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*To*: ruheejih@calvados.zrz.tu-berlin.de*Subject*: Re: worth a flier*From*: R Clint Whaley <rwhaley@cs.utk.edu>*Date*: Thu, 31 May 2001 12:01:32 -0400 (EDT)*Cc*: atlas-comm@cs.utk.edu

Julian, I cc atlas-comm; I think other developers might be interested in our discussions on gemm . . . Most of what I say is discussed in more detail in ATLAS/doc/atlas_over.ps, so I will supplement my description with a page referenge such as (pp 11-13) for interested parties who don't understand my quick and dirty explanations . . . >Correct - IPC = (fp) instructions per cycle cool. Needed to be sure you weren't also including the integer component of gemm (loops and pointer arith) in the IPC . . . >OK, the prefetches for gemm can be done with a simple calculation within mm. But is it also >true when using the mm kernel in other routines than gemm? Yes. The other Level 3 BLAS all call the full gemm, not the kernel, and they will therefore have the full gemm's access patterns . . . >Interesting that ATLAS does not copy C! Without having taken a look on the ATLAS documentation, >I ask myself if ATLAS does not create worse cacheline conflicts with this strategy, exactly >in that matrix, whose blocks must stay in the caches for the longest time (blocks of C). >But I am sure that you have tested, if the cost of copying C dominates the possible loss caused >by cacheline conflicts... I think we need to get some common vocabulary to discuss this. Gemm needs to be written with 3 loops. If C is MxN, and A and B are MxK and KxN, then let us call the loops over a particular dimension M, N, and K loop. In all ATLAS gemm (both kernel and full) implementations K is the innermost loop. For the kernel, which is M=N=K=NB, this means that the access of C is only 2*NB*NB, while the access of A and B are NB*NB*NB each, so C is a low order term on cost. Also, LAPACK is a big user of the BLAS, and they call gemm a lot as a rank-K update (think of M=1000, N=1000, K=NB). In this configuration, the cost of reading and writing C is one of the main costs of GEMM, and if you copy, you double it, which is a killer; These two factors together (C low-order term, and copy killing perf of rank-NB update) are why ATLAS does not guarantee copying C. ATLAS actually *does* buffer C into a contiguous NBxNB workspace when K is sufficiently large . . . (pp 11-13) There are two l1 caching strategies that can yield good performance, one input matrix block, and a few rows/cols of other input matrix fills cache, and all 3 blocks (A, B, C) fill cache (pp. 18). On the Athlon, ATLAS presently gets better performance with the first of these, so C is essentially kept in L2 . . . >Now something serious: I am not sure if I can adopt our algorithm to C=At*B+C (Fortran column-major) as >required by ATLAS. Our algorithm was created for C=A*B+C (C row-major). I assume all matrices are row-major? If so, then in col-major terms, you are doing C^T += B^T A^T, so we have a mismatch on access of C and the second input matrix. See below for more details . . . >If you wonder why - we >are crunching six scalar products simultanously, which is perfectly suitable for the x86 fp stack, >reduces L1 bandwidth pressure (~2 dploads/cyc -> ~1.2 dploads/cyc), causes shorter instructions and which brings us row-access on B >(at least for six iterations. Copying B in a slighly different results in full row access of B). OK, just to be sure, when you say scalar products, this is the Level 1 BLAS operation DDOT? If so, this is exactly what ATLAS's generated kernel is doing: 5 simultaneous dot products (6 actually gives almost the same performance). For any gemm with K as the inner loop, you do some number of simultaneous dot products. if M or N is the inner loop, you do some number of simultaneous AXPYs (Level 1 operation AXPY). So, with K as the inner loop, and matrices column major, I chose C = A^T B + C as the transpose settings because it means that the innermost loop (K) accesses contiguous memory. I take it you chose B^T (in col-major terms) 'cause it puts your 6 elts of the dot product contiguous instead? Do you think having to grab the elts of the dot product from *A, A[NB], A[NB2], A[NB3], A[NB4], A[NB5] will prove a performance killer (with the priviso that the next step of K will use subsequent elts)? >Six scalarproducts sequentally (30x30 matrices): 30*2(a+b)*6+6(c) loads + 6(c) stores => 372 mem accesses >Six scalarproducts simultanously : 30(a)+30*6(b)+6(c) loads + 6(c) stores => 222 mem accesses NB=30, eh? ATLAS might be happier with NB=28, since that keeps it a multiple of the cacheline boundary; on the other hand, with your prefetching, perhaps it will not matter . . . >In the case I don't find a solution to adapt the algorithms to ATLAS' requirements, is there a way that I can >use C=A*B+C (row major) as kernel? I'm afraid not, at least without me rewriting quite a bit of the ATLAS internals. I'm not sure when I'd have the time to do that . . . Even if you don't achieve the full speed of your row-major kernel, you can surely improve on ATLAS's paltry 1.4; Your 1.9 is the upper bound maybe, but any improvement to ATLAS is still an improvement . . . >At the end of this mail you find some results of Alex full DEGMM Very good indeed. The impressive thing is that it looks like it would make the Athlon beat the P4 (for ATLAS) clock-for-clock, in a fairly decisive manner. I'm sure you've seen my messages about it, but presently the P4 is presently ATLAS's flops king, with a roughly 2Gflop DGEMM on a 1.5Ghz P4 . . . Regards, Clint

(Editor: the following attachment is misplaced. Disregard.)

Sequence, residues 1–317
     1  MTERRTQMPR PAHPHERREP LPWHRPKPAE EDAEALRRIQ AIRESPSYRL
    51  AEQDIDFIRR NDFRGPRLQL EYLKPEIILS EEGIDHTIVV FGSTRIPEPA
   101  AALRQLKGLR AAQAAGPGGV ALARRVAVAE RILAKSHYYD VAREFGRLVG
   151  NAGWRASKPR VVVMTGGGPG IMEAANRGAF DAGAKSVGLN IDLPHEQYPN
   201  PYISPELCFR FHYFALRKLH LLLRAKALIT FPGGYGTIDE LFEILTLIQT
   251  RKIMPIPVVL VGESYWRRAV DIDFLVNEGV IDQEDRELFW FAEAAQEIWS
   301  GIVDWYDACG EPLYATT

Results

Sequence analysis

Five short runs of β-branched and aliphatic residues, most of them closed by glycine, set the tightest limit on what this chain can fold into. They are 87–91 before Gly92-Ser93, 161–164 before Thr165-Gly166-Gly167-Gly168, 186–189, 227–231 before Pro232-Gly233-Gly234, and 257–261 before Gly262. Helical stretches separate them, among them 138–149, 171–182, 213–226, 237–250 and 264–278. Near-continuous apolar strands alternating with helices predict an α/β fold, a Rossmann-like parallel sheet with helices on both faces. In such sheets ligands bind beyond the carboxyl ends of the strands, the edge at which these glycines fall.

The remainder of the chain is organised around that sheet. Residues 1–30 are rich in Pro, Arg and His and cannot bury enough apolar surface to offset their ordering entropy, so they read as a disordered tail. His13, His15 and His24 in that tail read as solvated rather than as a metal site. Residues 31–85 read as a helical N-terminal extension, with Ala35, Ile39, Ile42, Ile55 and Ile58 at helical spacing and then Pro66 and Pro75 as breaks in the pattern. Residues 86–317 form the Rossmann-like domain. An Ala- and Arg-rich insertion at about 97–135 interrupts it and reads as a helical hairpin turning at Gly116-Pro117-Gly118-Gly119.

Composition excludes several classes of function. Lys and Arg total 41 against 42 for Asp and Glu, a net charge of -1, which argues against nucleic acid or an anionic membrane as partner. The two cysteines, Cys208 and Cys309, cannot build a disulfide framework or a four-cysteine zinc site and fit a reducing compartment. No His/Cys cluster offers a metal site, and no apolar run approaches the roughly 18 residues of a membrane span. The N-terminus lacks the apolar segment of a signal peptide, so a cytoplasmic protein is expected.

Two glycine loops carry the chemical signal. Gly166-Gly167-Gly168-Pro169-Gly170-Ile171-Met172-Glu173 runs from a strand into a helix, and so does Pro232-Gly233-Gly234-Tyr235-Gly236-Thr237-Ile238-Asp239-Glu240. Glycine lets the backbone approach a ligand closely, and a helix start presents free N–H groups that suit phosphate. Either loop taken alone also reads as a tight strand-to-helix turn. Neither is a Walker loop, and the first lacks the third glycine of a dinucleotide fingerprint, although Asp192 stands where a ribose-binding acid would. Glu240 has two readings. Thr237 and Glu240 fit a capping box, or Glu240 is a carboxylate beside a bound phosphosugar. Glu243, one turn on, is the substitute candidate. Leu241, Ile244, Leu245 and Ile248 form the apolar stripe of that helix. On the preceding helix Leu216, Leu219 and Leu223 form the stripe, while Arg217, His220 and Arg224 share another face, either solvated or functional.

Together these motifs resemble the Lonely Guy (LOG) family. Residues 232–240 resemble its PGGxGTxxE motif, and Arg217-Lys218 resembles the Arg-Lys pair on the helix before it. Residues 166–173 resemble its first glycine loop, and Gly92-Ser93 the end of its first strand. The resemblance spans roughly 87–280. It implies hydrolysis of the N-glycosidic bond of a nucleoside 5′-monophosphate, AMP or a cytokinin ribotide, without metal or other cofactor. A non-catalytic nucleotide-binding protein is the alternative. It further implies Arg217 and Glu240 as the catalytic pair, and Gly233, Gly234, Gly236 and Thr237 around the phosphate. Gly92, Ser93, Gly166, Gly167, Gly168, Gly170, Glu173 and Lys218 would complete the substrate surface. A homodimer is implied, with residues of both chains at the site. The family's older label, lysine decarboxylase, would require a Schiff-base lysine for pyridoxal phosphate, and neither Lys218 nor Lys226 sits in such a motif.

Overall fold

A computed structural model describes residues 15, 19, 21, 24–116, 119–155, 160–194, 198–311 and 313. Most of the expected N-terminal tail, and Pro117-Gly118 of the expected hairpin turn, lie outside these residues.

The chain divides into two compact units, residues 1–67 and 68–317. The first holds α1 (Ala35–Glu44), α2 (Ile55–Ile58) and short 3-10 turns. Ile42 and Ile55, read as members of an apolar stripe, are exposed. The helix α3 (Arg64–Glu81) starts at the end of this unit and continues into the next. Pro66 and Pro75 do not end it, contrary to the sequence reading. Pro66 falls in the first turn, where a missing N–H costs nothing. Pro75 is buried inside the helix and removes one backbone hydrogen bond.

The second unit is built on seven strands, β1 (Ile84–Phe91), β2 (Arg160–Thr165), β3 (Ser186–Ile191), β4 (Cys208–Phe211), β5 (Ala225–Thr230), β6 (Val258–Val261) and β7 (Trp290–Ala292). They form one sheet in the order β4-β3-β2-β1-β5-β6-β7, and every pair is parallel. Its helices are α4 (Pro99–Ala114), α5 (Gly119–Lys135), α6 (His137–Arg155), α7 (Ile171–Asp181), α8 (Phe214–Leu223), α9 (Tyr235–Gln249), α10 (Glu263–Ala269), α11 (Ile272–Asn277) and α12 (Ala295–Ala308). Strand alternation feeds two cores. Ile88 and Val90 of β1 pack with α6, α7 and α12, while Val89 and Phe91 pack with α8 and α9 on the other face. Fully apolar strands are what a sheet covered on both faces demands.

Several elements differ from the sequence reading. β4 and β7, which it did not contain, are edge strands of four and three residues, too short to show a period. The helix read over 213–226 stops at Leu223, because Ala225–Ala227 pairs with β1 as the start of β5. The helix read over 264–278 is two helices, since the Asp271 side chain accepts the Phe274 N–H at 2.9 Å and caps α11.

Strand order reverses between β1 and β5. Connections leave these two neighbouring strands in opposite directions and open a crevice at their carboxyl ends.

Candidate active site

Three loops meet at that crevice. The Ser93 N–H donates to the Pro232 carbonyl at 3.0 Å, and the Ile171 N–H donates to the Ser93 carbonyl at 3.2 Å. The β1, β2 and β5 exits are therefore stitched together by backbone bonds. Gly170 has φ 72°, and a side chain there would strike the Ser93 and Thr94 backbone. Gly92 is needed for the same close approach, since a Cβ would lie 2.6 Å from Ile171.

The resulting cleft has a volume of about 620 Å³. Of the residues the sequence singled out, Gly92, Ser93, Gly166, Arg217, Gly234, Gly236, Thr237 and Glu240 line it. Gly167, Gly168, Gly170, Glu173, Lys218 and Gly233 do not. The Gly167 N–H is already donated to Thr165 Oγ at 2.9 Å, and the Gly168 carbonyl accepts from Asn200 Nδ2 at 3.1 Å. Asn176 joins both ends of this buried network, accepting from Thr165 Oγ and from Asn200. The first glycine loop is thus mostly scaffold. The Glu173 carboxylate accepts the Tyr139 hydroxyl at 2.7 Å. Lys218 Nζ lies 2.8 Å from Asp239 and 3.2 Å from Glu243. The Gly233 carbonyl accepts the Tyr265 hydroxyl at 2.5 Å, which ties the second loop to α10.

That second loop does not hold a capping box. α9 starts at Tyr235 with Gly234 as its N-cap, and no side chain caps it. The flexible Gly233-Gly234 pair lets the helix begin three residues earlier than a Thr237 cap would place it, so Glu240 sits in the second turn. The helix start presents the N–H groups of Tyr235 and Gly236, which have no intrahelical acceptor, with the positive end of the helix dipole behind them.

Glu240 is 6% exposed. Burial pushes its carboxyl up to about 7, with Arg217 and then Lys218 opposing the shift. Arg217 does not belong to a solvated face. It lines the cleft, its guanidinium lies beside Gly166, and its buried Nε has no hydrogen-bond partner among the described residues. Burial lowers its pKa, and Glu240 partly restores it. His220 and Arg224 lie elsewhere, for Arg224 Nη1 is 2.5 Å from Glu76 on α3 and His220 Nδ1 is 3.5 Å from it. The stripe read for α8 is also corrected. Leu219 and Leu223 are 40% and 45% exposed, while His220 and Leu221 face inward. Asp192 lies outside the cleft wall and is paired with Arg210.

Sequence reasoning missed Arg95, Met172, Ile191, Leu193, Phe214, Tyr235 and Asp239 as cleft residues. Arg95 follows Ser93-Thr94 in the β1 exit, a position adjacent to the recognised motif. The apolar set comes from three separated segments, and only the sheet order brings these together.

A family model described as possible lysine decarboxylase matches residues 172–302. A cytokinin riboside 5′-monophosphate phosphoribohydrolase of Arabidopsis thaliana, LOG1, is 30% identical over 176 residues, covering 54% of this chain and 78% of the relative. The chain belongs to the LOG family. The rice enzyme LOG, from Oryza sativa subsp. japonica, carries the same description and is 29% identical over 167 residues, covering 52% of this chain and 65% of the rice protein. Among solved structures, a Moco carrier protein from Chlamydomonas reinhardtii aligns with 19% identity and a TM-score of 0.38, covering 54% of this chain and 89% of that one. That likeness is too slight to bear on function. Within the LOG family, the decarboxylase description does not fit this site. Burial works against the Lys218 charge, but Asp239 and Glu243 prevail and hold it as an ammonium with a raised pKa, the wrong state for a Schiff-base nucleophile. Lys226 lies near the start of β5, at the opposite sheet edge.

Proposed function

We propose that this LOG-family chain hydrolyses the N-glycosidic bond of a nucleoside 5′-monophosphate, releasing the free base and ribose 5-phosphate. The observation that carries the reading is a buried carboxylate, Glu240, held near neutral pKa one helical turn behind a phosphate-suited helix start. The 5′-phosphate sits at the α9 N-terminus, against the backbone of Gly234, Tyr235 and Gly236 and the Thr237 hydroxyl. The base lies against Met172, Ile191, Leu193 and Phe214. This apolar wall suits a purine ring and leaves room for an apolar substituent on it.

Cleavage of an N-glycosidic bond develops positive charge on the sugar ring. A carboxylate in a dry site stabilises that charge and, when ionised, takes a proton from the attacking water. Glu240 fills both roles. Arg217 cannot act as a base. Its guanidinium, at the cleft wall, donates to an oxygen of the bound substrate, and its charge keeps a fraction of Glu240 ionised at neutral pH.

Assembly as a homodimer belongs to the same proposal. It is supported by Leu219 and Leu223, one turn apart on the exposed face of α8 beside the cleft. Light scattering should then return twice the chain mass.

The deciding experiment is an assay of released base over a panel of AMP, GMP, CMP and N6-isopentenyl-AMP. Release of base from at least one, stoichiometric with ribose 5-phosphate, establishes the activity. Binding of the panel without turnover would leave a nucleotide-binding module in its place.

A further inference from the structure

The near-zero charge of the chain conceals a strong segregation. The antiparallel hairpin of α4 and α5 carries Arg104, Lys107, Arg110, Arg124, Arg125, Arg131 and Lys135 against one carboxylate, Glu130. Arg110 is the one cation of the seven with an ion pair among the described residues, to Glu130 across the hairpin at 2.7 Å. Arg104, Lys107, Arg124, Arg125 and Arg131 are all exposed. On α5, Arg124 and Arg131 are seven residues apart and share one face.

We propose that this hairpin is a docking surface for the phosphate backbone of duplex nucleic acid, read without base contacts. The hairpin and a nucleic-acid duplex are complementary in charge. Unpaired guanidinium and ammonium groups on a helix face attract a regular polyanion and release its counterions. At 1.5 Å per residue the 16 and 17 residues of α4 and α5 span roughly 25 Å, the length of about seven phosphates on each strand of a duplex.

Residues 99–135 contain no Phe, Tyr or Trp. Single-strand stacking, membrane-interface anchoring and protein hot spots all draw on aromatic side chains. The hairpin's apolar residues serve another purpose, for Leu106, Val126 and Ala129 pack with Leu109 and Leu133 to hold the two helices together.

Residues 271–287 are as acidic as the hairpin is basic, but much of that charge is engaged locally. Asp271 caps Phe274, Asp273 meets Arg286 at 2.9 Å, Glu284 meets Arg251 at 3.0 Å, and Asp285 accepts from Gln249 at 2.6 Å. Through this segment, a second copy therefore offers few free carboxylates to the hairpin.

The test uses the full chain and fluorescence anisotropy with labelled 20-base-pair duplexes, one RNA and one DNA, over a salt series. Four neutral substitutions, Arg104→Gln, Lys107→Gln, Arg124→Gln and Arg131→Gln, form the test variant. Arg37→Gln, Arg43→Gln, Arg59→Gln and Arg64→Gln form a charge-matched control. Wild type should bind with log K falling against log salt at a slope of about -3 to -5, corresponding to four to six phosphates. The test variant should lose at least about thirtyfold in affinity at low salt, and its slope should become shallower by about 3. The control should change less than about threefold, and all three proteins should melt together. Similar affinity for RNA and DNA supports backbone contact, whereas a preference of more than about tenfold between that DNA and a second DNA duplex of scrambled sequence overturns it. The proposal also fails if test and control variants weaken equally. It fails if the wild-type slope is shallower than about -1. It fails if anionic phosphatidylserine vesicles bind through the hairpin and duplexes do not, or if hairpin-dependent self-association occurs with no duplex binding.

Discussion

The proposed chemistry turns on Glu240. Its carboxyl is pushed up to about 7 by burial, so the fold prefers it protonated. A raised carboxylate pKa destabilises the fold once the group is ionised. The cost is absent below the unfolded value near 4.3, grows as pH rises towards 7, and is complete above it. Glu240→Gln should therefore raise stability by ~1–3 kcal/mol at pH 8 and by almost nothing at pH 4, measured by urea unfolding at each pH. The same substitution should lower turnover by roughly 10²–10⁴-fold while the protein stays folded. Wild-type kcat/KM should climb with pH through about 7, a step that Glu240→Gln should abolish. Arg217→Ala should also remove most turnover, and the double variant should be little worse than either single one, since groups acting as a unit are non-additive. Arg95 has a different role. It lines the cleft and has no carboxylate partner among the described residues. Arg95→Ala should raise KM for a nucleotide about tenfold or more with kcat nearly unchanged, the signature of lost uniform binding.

**Follow-Ups**:**Re: worth a flier***From:*Julian Ruhe <ruheejih@calvados.zrz.tu-berlin.de>

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